This week, in an article guaranteed to raise the ire of more than a few historians, myself included, Professor Wynn Thomas published an article in the Western Mail on ‘why Wales Studies needs to be protected and preserved’. In less than a thousand words, a constraint that hardly lends itself to nuance, admittedly, he laments the current threats to the study of Wales – financial, yes, but also educational and reflective of the continuing changes to the world of academic publishing. He lists as the ‘greatest hits’ of Wales studies – a term I have enormous issue with, but I’ll come to that in a moment – essentially the outputs of Swansea University’s CREW, the Centre for Advanced Welsh and Celtic Studies at Aberystwyth, and Cardiff’s Welsh Governance Centre (which began its life…err yes, in Aberystwyth). No mention of the twenty-year-old Welsh Women’s Archive, no mention of the nearly fifty-year-old Llafur, and no mention of the remarkable work both movements have done in recovering the Welsh past and connecting it to the present.

But although a newspaper article presents a mere summary, the same theme occurred in Wynn Thomas’s recent lecture to an audience at Swansea University. At greater length he dismissed the many achievements of Welsh historians reducing them down to ‘the narrow, distorting lens of a single discipline’. You’ve maybe guessed by now, dear reader, that a search for Llafur or the Welsh Women’s Archive in this lecture text will be in vein. It is literary scholars, and those historians whose work can be comfortably integrated into their project, who are lauded as the guardians and vanguard of this wave of ‘Welsh studies’. By which is meant, really, those who published with the University of Wales Press. It is a jaundiced view quite unfair to countless doctoral studies, non-academic writers, and those who attend and participate in community events the length and breadth of Wales. Is that not Welsh studies too?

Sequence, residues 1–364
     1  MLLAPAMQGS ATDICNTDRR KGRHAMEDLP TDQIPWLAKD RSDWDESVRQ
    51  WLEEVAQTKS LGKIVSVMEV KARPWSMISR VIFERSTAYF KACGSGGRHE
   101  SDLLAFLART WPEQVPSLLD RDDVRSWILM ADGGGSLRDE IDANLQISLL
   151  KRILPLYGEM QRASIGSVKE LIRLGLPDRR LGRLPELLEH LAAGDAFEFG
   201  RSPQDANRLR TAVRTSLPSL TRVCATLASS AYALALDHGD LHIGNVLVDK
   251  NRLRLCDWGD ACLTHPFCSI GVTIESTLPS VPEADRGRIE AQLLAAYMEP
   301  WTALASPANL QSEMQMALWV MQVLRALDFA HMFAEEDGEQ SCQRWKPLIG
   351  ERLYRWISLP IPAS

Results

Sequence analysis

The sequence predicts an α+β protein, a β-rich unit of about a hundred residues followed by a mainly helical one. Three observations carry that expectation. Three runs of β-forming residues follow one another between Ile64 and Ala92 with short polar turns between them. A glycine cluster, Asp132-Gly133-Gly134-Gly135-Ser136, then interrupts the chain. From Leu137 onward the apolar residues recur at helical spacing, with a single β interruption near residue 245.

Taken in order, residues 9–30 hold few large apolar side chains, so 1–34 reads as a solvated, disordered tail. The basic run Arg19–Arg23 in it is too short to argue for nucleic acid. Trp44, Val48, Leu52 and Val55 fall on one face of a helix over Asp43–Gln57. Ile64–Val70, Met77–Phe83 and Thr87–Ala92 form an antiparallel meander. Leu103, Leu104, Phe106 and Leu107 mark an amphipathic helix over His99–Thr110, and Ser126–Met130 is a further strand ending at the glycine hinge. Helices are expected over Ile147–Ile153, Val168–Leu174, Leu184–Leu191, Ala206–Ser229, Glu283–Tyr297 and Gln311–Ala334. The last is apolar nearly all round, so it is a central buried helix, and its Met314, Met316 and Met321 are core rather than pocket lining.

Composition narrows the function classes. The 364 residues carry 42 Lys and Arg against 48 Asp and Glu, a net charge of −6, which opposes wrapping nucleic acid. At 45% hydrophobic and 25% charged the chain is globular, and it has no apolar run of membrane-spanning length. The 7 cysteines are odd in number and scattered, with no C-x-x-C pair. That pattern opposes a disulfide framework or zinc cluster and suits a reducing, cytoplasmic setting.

Yes.

Yes.

Yes.

So what is this crisis? There are on-going challenges facing the current academy in Wales: there is a crisis in adult and continuing education which has faced enormous cuts in funding but carries on despite that; there is the issue of lack of employment opportunities, something which is hardly new to the present situation; there is a kind of decline in collegiality, and there is the quite depressing push towards the national as the primary framing device. The last is perhaps a crisis manufactured by my own perspective, which rejects that dynamic, but it is no less fabricated than the so-called crisis in Welsh studies which exists, again as a manufacture, to serve the agenda of a group of nationalist academics and their research centres. They remain nameless, here, but it’s not difficult to know, if you need to, which they are. But though they claim a crisis, those same academics are almost never in attendance at Llafur events, at WAW events, and neither do they recognise any of their achievements, past and present. If Welsh studies is in crisis, then, no-one felt it at the Llafur day school yesterday. Should we be surprised? Perhaps not, since, as I say, none of the crisis mongers were present.